We're in York, 1906. The fairest city of the north "unchanged for centuries, with its ancient streets, cobbles, shadows, funny little smoke-blowing chimneys on powdery faced sagging houses, bakeries, drug stores and tearooms. At its centre, the Minster, the great black cathedral, Minotaur of the labyrinth."
But just outside the city's medieval walls is another mighty cathedral which fans of this author will know has even greater significance. With its elegant canopies of glass and acres of track, it is a monument to that most contemporary of gods - the steam engine.
However, there is something amiss at York station - and followers of Andrew Martin's two previous detective novels set on the railways at the turn of the century may not be surprised to see the reappearance of our hero, fireman Jim Stringer. Although good, decent Jim has given up his job on the footplate and become a detective in the railway police.
With this book, Martin is even more in command of the genre he has made his own - a cocktail which evokes unsentimentally the flavour of industrial working class life, depicts faithfully the great age of steam and offers a cracking good thriller into the bargain.
Rivet counting isn't usually all that riveting, but it is in the hands of Andrew Martin as a wages snatch in a York engine shed leads to murder and a breathtaking chase down the country's main lines and across the Channel to Paris. You can almost smell the sulphur, the steam oil and the grease - and no trainspotter would be disappointed by the book's attention to detail (Did you know the number of rail joints that click in 41 seconds gives the speed in miles per hour? Or that the cabs of North Eastern Railway locos were set too low for drivers to look out of properly?)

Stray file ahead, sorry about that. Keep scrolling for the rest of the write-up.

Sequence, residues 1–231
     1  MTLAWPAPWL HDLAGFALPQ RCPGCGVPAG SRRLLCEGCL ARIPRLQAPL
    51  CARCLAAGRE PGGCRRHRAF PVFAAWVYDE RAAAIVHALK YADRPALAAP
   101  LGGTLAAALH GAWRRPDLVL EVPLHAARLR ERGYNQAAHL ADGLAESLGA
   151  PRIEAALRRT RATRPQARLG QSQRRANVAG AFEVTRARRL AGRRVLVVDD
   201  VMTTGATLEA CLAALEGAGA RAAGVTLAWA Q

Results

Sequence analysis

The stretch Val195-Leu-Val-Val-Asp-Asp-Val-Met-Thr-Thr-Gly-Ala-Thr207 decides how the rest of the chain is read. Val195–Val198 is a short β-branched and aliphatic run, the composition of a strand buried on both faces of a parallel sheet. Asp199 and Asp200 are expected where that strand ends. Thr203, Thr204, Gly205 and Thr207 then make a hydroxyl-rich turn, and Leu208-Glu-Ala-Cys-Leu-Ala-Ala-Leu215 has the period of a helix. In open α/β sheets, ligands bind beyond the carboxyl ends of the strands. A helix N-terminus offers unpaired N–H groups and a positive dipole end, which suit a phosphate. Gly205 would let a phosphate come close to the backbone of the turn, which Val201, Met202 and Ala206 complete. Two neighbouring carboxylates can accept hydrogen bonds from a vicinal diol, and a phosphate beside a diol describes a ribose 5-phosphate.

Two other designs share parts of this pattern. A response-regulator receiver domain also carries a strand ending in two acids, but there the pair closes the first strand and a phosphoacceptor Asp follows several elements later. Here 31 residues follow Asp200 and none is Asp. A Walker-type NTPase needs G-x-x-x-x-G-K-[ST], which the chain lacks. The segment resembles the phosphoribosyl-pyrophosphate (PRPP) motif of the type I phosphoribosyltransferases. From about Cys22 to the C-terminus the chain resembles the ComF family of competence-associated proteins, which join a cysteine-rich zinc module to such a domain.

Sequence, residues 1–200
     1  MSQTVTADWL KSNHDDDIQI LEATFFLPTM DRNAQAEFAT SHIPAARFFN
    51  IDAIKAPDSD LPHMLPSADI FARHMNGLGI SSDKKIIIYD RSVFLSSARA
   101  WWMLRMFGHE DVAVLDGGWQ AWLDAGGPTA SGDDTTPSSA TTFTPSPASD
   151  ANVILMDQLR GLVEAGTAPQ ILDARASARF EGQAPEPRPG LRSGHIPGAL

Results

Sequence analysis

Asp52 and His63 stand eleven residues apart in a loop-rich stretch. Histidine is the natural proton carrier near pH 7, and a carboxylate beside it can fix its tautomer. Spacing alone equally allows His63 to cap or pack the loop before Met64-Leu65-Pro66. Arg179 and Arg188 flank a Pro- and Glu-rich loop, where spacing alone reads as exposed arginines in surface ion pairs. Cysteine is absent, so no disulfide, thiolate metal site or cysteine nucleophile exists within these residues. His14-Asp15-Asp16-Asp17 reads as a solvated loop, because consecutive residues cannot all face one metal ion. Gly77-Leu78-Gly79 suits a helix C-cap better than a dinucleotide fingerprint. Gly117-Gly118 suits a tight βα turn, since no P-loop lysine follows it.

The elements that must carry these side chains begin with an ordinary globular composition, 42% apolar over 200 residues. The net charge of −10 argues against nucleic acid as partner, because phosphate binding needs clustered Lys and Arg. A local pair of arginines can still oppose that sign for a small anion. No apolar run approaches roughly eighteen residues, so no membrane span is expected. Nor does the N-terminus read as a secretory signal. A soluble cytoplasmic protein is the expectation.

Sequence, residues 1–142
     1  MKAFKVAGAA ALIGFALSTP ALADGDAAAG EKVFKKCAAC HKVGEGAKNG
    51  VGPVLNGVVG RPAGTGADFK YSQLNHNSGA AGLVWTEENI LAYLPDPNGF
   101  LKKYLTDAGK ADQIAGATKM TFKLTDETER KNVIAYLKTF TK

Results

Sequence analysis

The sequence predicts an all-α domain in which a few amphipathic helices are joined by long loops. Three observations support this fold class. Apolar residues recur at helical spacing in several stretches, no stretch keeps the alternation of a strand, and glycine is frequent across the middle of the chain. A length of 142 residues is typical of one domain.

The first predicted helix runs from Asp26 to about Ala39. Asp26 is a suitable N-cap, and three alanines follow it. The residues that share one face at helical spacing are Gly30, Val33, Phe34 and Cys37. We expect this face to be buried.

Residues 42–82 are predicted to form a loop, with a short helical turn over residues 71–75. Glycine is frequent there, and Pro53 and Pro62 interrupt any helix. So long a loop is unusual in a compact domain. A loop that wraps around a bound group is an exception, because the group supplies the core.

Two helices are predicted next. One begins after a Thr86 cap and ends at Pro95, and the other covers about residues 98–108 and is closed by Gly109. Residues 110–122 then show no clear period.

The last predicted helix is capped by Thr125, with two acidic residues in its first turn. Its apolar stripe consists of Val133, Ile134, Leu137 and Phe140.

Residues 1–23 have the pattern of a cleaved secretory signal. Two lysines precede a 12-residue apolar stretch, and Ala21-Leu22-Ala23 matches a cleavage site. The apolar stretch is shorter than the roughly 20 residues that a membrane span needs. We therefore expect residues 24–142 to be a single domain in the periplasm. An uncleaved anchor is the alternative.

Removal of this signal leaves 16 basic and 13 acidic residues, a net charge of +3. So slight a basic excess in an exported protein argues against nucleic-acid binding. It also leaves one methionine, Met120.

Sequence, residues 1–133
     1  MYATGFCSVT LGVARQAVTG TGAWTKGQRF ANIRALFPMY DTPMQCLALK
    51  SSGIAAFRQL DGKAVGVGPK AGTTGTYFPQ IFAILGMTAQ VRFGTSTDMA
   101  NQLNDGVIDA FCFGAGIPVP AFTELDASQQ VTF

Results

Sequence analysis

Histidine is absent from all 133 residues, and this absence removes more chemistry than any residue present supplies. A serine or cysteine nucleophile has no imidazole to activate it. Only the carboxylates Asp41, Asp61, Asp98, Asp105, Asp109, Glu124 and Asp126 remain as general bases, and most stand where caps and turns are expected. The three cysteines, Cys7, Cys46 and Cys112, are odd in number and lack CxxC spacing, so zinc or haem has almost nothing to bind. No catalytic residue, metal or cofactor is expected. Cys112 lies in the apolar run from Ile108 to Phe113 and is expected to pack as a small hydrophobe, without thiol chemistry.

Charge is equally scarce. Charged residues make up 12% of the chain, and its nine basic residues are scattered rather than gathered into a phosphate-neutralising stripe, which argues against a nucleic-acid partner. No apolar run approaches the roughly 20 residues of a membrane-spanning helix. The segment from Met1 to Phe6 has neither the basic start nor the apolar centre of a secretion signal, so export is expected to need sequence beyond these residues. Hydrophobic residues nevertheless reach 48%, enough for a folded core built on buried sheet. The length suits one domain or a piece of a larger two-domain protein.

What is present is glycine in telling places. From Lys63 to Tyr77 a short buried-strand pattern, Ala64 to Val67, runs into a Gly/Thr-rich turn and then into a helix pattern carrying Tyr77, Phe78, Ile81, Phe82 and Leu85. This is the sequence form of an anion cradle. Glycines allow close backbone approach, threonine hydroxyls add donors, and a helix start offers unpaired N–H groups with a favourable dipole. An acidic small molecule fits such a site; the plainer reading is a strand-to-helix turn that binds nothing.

But this is no affectation. In the age of easyJet and Virgin, we forget the degree to which the railways were once woven into the fabric of the nation. Talking of the North Eastern Railway, Jim's police boss tells him: "York is the biggest and busiest station in the country. It is the administrative centre of the company, its geographical centre and the biggest employer of men by far. Shall I tell you one thing about York that isn't to do with the railway? Well, I can't!"
Whether it is the luggage or the porter in the title of this book that is lost (or both) I don't propose to divulge. But I can reveal that after his closest brush with death yet, railwayman Jim lives to tell the tale. Thank goodness. He must be preserved as the best sleuth that 200 years of the railways have ever produced.Reuse content